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SALT LAKE CITY — The Loveland Living Planet Aquarium has launched a coral reef restoration program in celebration of World Oceans Week, the organization announced Friday.
Their efforts seek to address the decline of coral reef systems globally through coral farming, a proven method which utilizes underwater coral farms to grow and replant to establish healthy reefs, according to a press release from the aquarium.
More than a quarter of the world’s live coral has been lost over the past 30 years as a result of climate change and mass coral bleaching, according to the National Oceanic and Atmospheric Administration. This puts up to 25% of the ocean’s marine species, which live in these reefs, at risk, NOAA says, and it hurts the $3.4 billion industry surrounding coral reefs, including fisheries and tourism.
“The initiative is to restore coral reefs in what is referred to as the Coral Triangle’” Brent Andersen, CEO of the Loveland Living Planet Aquarium, told KSL.com, "which is basically the Philippines, Indonesia, Papua New Guinea, and just in that area — which is one of the most biologically diverse, from a species standpoint, in the world.”
The reef restoration program will be utilizing a coral farming technique successfully executed in the Caribbean, according to Andersen. Divers gather fragments from existing coral, generally around the size of a finger, which have broken off due to storms. They then suspend them on coral trees that are attached to the seafloor, and the suspension causes rapid growth of the fragments into full-fledged corals.
“Coral reef systems are in decline,” the press release said. “Without change, scientists estimate we will lose 70 to 90% of reefs in the next 30 years. To help prevent this devastating loss, The Living Planet Reef Restoration Program is taking action.”
These sites are able to accommodate 20 coral trees, thus creating a nursery, according to the news release. Six hundred new corals grow per year on each tree, making it possible to grow 12,000 new coral fragments per year in one nursery.
The key to their efforts is the speed at which coral grows under the new conditions. The coral has been fragmented so it has an injury response prompting it to grow faster, according to Andersen. It is also suspended, and it knows it is not anchored to the bottom, so it grows at a much more rapid rate because it’s trying to find a place to anchor to.
“So when we suspend the coral on these trees, the rapid growth rate that results in each fragment, we suspend growing to the size of a cantaloupe over the span of about six months," Andersen said. "It also can produce about five additional fragments that we can then transplant.”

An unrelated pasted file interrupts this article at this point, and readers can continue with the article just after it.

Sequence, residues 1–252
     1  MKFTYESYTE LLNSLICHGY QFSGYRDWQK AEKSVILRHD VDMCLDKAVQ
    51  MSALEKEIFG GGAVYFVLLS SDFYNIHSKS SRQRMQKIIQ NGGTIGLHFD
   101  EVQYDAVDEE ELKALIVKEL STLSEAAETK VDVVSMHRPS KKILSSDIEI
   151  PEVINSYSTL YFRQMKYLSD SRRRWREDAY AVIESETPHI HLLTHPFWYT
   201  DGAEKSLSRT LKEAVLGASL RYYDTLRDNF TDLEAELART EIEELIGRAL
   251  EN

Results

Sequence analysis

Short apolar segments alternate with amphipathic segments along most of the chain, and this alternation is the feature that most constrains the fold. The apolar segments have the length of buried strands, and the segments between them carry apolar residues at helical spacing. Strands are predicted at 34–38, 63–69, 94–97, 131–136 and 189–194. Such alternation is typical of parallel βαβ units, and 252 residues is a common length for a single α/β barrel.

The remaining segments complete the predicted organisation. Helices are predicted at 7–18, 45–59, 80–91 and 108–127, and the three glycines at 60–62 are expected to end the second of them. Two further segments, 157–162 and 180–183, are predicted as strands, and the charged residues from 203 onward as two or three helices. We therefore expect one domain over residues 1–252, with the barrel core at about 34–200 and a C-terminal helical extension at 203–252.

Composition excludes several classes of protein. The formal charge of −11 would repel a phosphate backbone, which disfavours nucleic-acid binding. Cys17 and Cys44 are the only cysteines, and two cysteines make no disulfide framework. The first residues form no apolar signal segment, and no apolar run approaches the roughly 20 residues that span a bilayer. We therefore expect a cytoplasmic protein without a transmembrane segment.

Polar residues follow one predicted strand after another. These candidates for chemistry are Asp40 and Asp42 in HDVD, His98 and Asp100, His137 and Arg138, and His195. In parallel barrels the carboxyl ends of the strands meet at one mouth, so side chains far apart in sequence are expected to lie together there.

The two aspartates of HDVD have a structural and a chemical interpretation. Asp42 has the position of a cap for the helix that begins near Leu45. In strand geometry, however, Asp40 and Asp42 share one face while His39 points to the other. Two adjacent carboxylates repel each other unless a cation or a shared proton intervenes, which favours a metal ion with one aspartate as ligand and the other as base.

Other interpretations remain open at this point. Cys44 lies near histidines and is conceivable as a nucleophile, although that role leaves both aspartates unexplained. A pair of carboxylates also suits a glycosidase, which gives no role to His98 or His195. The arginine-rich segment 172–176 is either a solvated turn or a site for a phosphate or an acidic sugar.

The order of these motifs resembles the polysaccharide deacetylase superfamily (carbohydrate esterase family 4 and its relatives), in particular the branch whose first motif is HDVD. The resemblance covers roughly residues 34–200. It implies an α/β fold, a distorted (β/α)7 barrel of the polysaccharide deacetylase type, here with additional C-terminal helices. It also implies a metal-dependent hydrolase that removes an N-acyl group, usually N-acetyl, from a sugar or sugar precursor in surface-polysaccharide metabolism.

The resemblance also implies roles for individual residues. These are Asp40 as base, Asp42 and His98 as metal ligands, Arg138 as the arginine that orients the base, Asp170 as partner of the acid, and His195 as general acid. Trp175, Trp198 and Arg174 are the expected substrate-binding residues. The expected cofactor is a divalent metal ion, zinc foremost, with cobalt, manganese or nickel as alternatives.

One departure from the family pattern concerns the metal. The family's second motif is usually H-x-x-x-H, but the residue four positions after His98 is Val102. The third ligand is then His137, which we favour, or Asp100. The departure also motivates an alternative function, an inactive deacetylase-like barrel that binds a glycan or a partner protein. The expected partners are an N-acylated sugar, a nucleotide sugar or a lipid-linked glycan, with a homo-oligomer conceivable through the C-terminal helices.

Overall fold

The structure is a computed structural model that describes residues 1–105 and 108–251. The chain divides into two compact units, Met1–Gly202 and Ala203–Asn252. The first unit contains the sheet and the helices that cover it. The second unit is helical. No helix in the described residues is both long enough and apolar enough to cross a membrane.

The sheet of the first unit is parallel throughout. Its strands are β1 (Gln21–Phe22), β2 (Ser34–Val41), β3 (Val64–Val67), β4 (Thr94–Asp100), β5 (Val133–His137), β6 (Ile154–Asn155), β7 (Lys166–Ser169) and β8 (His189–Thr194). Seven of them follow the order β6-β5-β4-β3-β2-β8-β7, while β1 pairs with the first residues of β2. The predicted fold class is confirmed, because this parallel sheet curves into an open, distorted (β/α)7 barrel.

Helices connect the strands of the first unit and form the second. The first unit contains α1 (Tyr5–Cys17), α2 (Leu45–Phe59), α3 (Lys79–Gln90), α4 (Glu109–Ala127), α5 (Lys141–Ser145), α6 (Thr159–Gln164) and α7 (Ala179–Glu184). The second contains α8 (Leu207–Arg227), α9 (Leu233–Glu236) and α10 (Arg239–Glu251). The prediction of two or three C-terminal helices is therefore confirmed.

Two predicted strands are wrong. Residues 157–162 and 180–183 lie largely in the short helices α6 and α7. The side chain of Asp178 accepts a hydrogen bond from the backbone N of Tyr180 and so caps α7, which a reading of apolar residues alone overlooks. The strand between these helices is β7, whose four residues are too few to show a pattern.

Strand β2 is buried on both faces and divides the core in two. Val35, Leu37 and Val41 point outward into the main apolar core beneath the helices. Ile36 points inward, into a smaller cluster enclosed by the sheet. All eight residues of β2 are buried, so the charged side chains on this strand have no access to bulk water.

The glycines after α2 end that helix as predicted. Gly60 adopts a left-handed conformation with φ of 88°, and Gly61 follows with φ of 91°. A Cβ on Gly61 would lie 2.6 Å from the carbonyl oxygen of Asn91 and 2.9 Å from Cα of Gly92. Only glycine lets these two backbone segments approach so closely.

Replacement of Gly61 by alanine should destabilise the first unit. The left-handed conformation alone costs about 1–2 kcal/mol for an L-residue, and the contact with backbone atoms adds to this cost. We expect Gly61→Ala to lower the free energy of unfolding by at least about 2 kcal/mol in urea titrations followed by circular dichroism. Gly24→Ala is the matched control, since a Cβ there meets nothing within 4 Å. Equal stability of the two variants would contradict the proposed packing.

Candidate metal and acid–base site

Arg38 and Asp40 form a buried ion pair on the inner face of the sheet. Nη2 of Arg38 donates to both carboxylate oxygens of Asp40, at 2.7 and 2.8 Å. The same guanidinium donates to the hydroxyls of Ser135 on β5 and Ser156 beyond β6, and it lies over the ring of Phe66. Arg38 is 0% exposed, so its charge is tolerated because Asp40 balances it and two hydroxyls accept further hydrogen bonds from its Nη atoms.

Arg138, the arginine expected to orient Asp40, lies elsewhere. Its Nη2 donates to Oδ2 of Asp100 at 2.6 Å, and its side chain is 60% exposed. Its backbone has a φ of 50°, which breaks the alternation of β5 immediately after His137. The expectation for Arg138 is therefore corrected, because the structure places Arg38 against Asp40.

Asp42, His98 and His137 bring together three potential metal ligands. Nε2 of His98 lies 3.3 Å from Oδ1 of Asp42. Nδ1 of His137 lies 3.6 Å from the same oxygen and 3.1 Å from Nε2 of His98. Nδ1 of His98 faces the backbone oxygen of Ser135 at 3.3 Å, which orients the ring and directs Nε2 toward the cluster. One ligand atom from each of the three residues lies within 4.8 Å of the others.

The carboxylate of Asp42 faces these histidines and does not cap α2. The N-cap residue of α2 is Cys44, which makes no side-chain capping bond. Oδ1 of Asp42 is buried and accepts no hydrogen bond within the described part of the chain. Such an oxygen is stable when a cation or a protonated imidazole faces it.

Those coral fragments are planted to create healthy reef ecosystems, the news release said. Even better, the fragments are genetically suited to handle rising ocean temperatures, a gene they pass along to future generations.
“We’re choosing the corals that are surviving best in the warmer temperatures,” Andersen explained. “They wind up doing better; and then when we transfer those fragments and plant them onto the sea floor and coral reefs, they grow and mature, and those genes are now reproducing naturally throughout the system. So we’ve reproduced that timeline that would happen naturally over time, and made it through artificial selection so that corals which can handle the temperatures and acidity increases are the ones getting reproduced.”
Andersen hopes their reef restoration project will help restore struggling coral reefs, but he recognizes that numerous things need to be done to address the problem effectively.
“Even if we stopped adding carbon dioxide today, it’s kind of like a train where it’s gonna keep rolling and temperatures are gonna keep rising for several decades,” Andersen explained, acknowledging that rising ocean temperatures due to climate change are one of the biggest causes of coral reef decline. “We’ve got to figure out what we can do in addition to lowering CO2 and not polluting. We can take steps knowing what’s going to happen in the next few decades.”
“Our team is in the Philippines now on an expedition,” Andersen said, "they’re literally getting in the ocean this morning for another lap to install additional coral trees. We’re actively down there and looking to expand with public support.”
The aquarium is a nonprofit and the reef restoration program will largely be funded through donations, so Andersen asked that interested people look into their options for helping the program.
“You can adopt a coral fragment, which can fund the project through adoption of individual fragment, tree or entire nursery,” Andersen explained. “There’s also the option to fund a marine biologist in that part of the world, which only costs about $7,000 per year. You can even come and participate on one of the expeditions with us.”
Read more about the program on the Loveland Living Planet Aquarium’s website.